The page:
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The University of Ottawa's Miles Corak recently studied the possibility that increasing income inequality could be transmitted across generations. The analysis is questionable on a number of grounds. We will start with some data issues, and then proceed to more philosophical issues surrounding equality.

As discussed in our previous Globe article, conventional income measures don't account for changes in the stock of wealth; Richard Burkhauser has shown that doing so erases most of the recent rise in U.S. inequality. Nor does more inequality mean some groups are worse off in absolute terms. It could be that lower and middle incomes increased less than for upper incomes, exactly what happened in Canada after 1998 (most of the data analyzed by Corak ends in 2000, missing how the next decade favoured blue collar workers in construction and resources).

The data come from surveys of individual disposable incomes. Emmanuel Saez, a leading expert on U.S. income trends, is emphatic that "Survey data cannot get at top incomes well because the surveys have too small samples of top earners to be reliable." Yet the skewness at the top of U.S. incomes drives the narrative. Mr. Burkhauser also has shown that conclusions about income distribution are quite different for the family unit than the data for individuals that most researchers employ. This is important, since it is families that will determine how status is transferred across generations.

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Even if income inequality for individuals had risen, there has not been enough time to assess the impact on the next generation. Extrapolating the mobility of previous generations is problematic, especially since today's wealthy have demonstrated quite different attitudes to bequeathing. William Buffett is only the best known person to pledge their wealth to philanthropy.

More mobility among classes is assumed to be desirable. In practice, what would this imply? No one in the upper class wants their children to slide into a lower class. So advocating more mobility really means wanting a future where everyone rises to the upper class, the ultimate Lake Wobegone world where all the above-average children become above-average adults.

In Chrystia Freeland's book Plutocrats, the portrayal of the rich shows they don't come from privileged backgrounds, but earn their income from technical expertise. The wealthy depicted in Plutocrats work so hard, they rarely see their children, which helps explain why they spend to make up for their absence. Prof. Corak finds the top income quintile spend more to "enrich" their children (time will tell if this is a good substitute for parenting), but only counts private spending by parents, ignoring U.S. government programs like Head Start, universal preschool for kids from low and moderate income families, home visitation under the Affordable Care Act, and numerous other government and charitable programs.

Indeed, the portrayal of rising inequality and falling mobility in the U.S. can be interpreted as a damning criticism of the efficacy of these policies to help people escape low incomes. Given their demonstrated ineffectiveness, why would we want more public intervention? Do these policies create opportunity or dependence? The latter clearly undermines mobility, as shown by the failed 1960s experiment with welfare.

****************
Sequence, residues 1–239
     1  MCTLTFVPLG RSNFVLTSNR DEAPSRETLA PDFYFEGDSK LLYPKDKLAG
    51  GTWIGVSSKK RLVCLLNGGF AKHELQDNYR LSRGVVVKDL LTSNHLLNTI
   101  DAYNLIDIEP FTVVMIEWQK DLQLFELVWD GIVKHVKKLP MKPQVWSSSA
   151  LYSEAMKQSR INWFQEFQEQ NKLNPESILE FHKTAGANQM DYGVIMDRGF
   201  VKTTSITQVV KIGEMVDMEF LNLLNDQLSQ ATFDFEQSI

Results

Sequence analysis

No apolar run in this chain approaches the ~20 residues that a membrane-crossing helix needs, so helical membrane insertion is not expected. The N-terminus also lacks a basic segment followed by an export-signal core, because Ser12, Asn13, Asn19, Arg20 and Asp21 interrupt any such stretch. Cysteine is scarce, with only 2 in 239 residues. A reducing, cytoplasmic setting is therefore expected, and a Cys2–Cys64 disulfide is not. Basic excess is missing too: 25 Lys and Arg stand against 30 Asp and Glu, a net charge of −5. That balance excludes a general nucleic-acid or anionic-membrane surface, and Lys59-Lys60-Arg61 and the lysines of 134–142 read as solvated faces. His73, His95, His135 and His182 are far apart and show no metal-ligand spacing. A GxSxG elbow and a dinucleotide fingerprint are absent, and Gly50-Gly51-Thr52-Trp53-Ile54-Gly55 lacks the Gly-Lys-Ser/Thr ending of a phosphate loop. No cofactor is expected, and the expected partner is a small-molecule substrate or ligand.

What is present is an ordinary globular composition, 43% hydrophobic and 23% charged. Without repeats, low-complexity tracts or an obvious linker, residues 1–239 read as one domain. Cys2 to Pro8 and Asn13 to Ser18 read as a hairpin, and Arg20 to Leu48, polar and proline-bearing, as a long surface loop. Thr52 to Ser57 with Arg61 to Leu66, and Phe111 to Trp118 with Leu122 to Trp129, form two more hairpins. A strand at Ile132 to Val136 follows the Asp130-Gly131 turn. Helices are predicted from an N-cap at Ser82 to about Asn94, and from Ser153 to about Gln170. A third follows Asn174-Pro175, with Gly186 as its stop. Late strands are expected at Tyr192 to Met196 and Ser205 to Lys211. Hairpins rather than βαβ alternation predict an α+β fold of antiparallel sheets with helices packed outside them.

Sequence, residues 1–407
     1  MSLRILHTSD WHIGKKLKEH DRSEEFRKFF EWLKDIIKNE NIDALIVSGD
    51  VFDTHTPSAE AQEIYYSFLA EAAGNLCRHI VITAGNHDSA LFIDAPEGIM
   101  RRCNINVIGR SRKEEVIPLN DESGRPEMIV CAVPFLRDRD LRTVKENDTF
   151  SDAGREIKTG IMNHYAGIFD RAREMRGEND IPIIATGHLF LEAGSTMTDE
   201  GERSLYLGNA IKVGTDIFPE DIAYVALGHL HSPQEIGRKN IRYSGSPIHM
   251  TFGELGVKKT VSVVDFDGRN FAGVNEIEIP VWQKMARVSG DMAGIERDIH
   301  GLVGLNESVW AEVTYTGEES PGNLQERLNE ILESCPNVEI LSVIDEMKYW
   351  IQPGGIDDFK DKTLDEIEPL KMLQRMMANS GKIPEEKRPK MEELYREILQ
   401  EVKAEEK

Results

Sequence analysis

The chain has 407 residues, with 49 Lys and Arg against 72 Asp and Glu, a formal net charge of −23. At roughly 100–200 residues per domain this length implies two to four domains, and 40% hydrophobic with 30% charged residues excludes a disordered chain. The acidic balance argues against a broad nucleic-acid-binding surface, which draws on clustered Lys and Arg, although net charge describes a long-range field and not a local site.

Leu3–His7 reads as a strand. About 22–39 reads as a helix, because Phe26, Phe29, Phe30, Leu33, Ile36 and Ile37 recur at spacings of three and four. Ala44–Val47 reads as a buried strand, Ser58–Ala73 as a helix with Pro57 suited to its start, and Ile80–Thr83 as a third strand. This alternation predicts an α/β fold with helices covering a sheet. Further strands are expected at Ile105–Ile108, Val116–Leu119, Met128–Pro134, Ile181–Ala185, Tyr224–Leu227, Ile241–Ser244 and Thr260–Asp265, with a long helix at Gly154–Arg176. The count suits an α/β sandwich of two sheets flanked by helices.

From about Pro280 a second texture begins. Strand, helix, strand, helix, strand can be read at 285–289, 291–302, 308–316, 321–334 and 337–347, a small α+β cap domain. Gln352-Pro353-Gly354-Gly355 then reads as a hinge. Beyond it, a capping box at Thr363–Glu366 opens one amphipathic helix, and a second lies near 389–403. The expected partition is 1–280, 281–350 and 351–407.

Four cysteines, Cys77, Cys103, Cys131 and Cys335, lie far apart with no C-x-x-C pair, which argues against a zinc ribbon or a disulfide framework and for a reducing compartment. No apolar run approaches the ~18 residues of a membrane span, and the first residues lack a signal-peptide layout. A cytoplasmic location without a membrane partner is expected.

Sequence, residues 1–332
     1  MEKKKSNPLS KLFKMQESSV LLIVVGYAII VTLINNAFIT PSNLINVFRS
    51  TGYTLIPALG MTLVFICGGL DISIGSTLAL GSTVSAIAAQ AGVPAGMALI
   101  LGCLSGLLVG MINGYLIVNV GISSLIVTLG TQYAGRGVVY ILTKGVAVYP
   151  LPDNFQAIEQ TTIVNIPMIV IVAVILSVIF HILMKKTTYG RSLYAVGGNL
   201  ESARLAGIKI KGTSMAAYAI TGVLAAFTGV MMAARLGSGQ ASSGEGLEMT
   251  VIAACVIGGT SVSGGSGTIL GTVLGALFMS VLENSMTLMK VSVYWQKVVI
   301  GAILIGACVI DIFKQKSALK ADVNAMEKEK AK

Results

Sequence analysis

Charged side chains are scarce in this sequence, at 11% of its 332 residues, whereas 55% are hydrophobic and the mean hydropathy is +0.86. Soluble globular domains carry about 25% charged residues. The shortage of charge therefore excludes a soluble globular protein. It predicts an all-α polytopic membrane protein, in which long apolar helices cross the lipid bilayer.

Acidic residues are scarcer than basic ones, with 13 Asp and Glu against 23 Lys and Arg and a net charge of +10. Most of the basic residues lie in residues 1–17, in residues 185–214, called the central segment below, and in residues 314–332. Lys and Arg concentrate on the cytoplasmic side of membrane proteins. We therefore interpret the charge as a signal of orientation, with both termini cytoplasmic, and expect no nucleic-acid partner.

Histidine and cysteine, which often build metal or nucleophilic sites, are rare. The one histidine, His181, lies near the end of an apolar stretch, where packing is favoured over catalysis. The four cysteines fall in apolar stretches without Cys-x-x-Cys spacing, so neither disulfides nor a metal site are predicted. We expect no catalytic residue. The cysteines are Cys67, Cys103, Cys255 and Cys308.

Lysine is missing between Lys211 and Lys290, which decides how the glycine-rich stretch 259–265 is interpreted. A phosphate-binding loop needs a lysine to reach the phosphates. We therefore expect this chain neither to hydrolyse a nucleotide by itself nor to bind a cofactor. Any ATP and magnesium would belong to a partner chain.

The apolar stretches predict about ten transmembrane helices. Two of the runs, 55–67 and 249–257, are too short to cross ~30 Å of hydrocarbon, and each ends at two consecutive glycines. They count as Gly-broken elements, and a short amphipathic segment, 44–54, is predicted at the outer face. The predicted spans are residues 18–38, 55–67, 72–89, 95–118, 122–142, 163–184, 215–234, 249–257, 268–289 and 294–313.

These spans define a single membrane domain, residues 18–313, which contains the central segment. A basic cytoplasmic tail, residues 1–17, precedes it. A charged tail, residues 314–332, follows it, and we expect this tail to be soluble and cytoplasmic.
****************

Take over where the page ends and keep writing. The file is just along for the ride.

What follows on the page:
The analysis assumes intelligence best predicts education outcomes. Instead, research has shown that a child's 'self-regulation,' or ability to control their behaviour, trumps everything in terms of school and lifetime outcomes. How will the state control this without dictating how to raise families and instill values in children?

Our society recognizes some inequality is not just acceptable, but is fundamental to economic growth. No one knows the ideal distribution of income or the proper amount of intergenerational social mobility. Nevertheless, redistributionists advocate government should correct the 'problem,' but don't specify how much redistribution they want, nor admit there are limits to what government can achieve.

For example, a child born into poverty hears 30 million fewer words by the age of three, which impacts intelligence. Government programs can narrow this gap, but cannot eliminate it without sitting next to each child and counting the words, the ultimate "Nanny state". Everyone wants the best for children, but what is best is unknown, and our best guess changes over time. Scientists once insisted that formula milk was superior for infants. Today, it is 30 million words and early education. Tomorrow, who knows?

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Saying you object to the current income distribution means rejecting the expressed outcome of countless individual preferences — if people buy the products developed by Apple, what right does the state have to interfere? More income redistribution inevitably dampens economic growth in a society like Canada's. Advocates of more government intervention must spell out all these costs, and demonstrate they are exceeded by the benefits from more equality.

Philip Cross is research co-ordinator at the Macdonald-Laurier Institute and the former chief economic analyst at Statistics Canada. Ian Lee is assistant professor, Sprott School of Business, Carleton University

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